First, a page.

Wedding planning can be stressful, especially when it comes to conversations about money. If you and your partner are funding all the festivities yourselves, you have full control over what the celebrations look like. But when there are other sources of money—specifically if your parents or in-laws—the dynamics can get trickier. While some parents look at funding a wedding as a gift with no strings attached, others want to have a say in some (or all) of the event details.
Navigating these family dynamics can feel confusing and stressful, so to help you get through them in one piece we turned to Landis Bejar, a therapist and the founder of AisleTalk, a service that provides therapy specific to wedding planning. She gave concrete tips on how to talk about money, the expectations that surround it, and what to do if a conflict arises.
Meet the Expert
Landis Bejar is licensed therapist in New York City and founder of AisleTalk, therapy specific to wedding planning.
How Much Say Do Your Parents (or In-Laws) Get?
Having your in-laws or parents pay for your wedding is a wonderful gift. It means they are supporting your union and want to help celebrate the start of your life as a couple. It's also nice to have another party help pay for what can be a costly affair, of course! But having a funder can also invite complicated power dynamics. If your parents or in-laws are paying, they might expect to have some say in what happens on your big day.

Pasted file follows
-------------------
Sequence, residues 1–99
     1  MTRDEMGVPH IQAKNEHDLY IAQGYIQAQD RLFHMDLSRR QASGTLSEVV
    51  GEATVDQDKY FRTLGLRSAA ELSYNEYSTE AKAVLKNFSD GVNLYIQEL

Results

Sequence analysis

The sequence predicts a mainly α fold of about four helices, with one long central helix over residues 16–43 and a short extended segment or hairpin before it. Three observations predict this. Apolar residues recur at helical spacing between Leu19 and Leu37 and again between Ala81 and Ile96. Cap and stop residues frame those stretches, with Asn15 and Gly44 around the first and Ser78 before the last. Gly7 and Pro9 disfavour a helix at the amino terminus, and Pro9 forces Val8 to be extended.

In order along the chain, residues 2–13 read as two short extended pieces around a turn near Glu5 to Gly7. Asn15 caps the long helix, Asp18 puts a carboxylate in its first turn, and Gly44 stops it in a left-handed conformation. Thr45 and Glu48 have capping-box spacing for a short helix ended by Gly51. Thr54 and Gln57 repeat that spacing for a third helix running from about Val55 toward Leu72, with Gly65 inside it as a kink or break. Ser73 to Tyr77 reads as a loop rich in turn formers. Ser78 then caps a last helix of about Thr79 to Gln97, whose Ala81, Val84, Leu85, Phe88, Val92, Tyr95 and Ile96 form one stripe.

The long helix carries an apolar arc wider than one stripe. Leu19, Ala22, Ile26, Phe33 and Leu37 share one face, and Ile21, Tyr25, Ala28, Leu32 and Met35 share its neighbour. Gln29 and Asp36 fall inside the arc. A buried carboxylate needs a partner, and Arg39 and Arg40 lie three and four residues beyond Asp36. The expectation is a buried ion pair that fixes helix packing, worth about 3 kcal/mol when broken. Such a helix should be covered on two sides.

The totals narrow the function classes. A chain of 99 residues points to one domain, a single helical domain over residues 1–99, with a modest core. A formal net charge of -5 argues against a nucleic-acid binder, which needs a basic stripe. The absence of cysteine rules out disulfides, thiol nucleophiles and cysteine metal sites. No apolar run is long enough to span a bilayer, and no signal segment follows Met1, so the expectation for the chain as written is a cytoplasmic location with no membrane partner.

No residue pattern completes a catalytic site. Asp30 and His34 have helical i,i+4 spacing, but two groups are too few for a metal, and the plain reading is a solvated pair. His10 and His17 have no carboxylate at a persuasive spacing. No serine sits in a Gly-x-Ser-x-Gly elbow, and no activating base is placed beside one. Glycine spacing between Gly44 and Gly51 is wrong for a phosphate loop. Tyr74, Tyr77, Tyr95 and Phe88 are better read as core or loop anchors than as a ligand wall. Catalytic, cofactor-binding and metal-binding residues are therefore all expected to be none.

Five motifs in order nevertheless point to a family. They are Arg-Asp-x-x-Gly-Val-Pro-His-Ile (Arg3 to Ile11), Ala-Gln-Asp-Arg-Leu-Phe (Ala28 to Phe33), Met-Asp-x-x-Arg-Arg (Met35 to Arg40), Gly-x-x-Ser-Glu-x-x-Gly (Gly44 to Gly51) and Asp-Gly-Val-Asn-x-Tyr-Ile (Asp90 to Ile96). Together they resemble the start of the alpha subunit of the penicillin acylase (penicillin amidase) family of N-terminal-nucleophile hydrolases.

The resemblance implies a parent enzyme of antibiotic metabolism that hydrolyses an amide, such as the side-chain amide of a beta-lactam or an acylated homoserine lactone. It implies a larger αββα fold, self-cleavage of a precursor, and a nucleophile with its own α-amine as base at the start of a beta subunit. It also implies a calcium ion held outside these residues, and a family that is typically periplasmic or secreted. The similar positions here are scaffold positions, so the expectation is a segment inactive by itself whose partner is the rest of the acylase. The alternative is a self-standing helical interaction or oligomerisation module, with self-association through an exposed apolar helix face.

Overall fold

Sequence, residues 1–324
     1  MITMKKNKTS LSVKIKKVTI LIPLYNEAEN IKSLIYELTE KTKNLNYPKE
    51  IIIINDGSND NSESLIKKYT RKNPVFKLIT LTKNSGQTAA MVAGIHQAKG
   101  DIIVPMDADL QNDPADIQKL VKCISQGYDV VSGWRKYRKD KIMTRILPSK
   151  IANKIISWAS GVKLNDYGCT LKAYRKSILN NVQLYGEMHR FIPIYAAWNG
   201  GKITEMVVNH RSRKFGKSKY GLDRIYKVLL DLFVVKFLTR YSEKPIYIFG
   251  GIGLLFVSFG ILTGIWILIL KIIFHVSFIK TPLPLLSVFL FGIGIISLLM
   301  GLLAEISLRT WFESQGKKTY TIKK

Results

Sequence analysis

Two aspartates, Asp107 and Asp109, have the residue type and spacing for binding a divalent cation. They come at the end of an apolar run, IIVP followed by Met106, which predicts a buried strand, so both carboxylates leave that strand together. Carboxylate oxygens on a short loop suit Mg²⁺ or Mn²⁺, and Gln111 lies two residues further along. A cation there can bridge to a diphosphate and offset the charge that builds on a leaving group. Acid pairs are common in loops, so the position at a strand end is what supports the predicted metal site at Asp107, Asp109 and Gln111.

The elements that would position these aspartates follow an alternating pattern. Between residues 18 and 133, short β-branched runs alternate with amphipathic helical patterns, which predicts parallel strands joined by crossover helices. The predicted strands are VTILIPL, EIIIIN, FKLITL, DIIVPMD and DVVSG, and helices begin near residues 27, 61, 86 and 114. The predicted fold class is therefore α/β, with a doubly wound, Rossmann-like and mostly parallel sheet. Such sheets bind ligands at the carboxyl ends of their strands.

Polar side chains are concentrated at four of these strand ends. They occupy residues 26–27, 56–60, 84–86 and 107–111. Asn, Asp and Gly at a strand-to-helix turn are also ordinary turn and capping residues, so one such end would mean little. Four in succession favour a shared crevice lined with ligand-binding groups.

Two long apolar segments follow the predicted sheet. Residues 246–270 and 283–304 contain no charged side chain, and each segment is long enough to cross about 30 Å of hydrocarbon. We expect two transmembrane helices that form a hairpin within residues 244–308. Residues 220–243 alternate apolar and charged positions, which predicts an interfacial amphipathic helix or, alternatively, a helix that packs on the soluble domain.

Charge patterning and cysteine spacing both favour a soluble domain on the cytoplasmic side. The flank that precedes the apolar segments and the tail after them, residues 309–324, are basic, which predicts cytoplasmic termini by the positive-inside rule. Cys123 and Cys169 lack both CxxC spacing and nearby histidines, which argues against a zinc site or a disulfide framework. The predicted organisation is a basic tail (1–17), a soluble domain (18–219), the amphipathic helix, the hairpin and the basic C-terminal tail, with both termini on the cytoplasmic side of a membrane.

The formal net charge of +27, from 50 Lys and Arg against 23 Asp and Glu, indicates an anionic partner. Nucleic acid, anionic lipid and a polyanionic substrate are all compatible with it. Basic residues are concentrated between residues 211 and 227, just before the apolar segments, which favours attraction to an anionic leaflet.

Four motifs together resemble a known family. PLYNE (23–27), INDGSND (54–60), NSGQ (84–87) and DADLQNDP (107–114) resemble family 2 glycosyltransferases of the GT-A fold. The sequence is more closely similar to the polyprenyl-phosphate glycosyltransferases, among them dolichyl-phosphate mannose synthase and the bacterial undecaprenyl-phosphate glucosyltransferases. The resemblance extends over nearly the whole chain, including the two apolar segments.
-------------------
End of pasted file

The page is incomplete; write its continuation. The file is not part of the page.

You might be asking: how much say do they get? Bejar says that naturally, the answer varies. "This is really unique to each family," she says. "It’s usually uncharted territory for both couples and parents." To some parents, paying for a wedding is equivalent to making a generous gift; they don't expect anything in return. For other parents, however, paying for the wedding means it is their event, too, and thus they'll want a say in matters large or small.
Bejar said it's important to addresss this budgeting conversation upfront, so you have a clear idea of the situation. "Start by talking openly about what it means to contribute financially to a wedding," she says. "Ask your parents directly about their expectations for how much power and control they expect to have in decision making as the ones paying for the event. Whether the expectation is that they have a say in all things, nothing, or some things, you want to know this ahead of time and try to have the conversations early before more emotions get invested," she adds. "Chances are, they haven’t even thought about this consciously. By asking directly, you’re giving everyone involved a chance to reflect on how they would ideally like this process to look, rather than ending up in an unanticipated, financially-motivated power struggle—which isn’t enjoyable for anyone."
Having this information early can also help you make a decision about how you want to proceed. "In certain cases, learning that strained family dynamics will be the secondary cost of a lavish, parent-paid wedding, is a reason to sacrifice part or all of the contribution in favor of footing the bill themselves, having something more modest, maintaining familial peace, and retaining creative control," says Bejar.
How to Approach Budget Conversations with Your Parents or In-Laws
There are steps you can take to make these conversations go smoothly for everyone.
Have the Initial Money Conversation In Person